On the drizzly night of 4th May 1886, over 2000 gathered in Chicago’s Haymarket Square to protest the murders at the Reaper Works. The peaceful rally had nearly concluded when – without provocation or warning – police advanced towards the speakers’ wagon demanding immediate dispersal. At that precise moment, a bomb was thrown from within the crowd. PC Mathias Degan died instantly, and seven other officers were killed by “friendly fire” after the well-armed police countered like headless chickens. Over a hundred demonstrators were injured, an “unknown” number of them killed.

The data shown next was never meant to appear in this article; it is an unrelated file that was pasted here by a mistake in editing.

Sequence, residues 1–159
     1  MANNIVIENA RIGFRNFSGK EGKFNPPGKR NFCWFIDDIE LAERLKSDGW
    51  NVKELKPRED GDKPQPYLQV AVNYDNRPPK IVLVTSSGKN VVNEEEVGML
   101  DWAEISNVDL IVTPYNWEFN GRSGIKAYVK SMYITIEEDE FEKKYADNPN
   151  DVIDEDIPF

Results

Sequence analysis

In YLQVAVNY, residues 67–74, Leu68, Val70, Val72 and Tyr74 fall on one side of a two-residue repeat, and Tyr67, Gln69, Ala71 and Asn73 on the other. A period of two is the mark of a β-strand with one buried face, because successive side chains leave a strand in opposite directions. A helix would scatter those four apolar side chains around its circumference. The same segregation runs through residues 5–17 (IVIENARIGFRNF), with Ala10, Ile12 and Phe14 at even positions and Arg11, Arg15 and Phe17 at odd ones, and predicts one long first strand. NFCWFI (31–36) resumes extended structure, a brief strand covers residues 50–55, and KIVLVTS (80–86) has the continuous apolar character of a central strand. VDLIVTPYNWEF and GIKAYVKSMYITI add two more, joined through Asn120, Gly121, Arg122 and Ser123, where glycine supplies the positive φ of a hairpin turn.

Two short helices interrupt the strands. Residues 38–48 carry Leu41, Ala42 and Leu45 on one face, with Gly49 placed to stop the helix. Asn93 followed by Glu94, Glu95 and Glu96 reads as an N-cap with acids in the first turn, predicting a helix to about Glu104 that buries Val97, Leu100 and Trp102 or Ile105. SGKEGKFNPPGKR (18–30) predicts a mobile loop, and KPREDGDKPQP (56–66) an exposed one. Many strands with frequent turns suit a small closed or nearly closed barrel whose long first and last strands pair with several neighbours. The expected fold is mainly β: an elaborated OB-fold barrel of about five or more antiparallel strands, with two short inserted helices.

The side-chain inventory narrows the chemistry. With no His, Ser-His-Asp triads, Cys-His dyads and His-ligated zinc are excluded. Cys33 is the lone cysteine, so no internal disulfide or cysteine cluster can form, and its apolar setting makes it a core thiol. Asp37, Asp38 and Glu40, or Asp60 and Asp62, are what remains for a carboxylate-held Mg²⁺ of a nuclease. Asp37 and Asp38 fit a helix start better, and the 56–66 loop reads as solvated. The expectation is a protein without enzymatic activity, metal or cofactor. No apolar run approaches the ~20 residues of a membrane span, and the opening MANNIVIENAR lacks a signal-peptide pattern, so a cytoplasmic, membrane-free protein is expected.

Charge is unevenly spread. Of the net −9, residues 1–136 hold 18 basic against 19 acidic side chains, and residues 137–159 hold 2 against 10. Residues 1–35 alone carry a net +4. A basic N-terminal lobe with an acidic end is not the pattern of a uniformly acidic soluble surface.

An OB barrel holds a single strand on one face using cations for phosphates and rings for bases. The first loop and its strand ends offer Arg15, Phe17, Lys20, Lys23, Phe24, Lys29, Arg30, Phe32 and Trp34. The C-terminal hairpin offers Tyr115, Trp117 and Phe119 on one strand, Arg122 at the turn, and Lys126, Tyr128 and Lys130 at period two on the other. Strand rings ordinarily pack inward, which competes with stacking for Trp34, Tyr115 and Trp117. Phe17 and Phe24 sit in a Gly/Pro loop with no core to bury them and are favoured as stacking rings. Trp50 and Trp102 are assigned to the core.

Mass hysteria ensued. With the near unanimous backing of the public and media, the authorities set out to crush the labour movement – which it tarred with the generic brush of “anarchism” led by “reckless foreign wretches” who threatened the very core of American institutions with their dirty radical ideas. Martial law was declared. No more than two people at a time were allowed on street corners; union newspapers were closed down; and – in what amounted to America’s first “red scare” – police raids overstepped all legal authority as hundreds of labour leaders were rounded up and arrested. Eight of Chicago’s most prominent anarchists were charged with the murder of Officer Degan, despite the fact that most of them hadn’t even been present during the incident. Without any evidence to connect the defendants to the bomb throwing, Anarchism itself was put on trial. Illinois law stated that anyone inciting murder was guilty; the Chief Prosecutor implored the jury to “make examples of them. Hang them, and you save our society.” The jury duly returned guilty verdicts for all eight defendants; all but one sentenced to death. Two had their verdicts commuted to life imprisonment, one committed suicide in his prison cell, but – despite worldwide condemnation and calls for clemency – on November 11th 1887, the four remaining anarchists were executed in a particularly brutal hanging by slow strangulation in full view of shocked witnesses.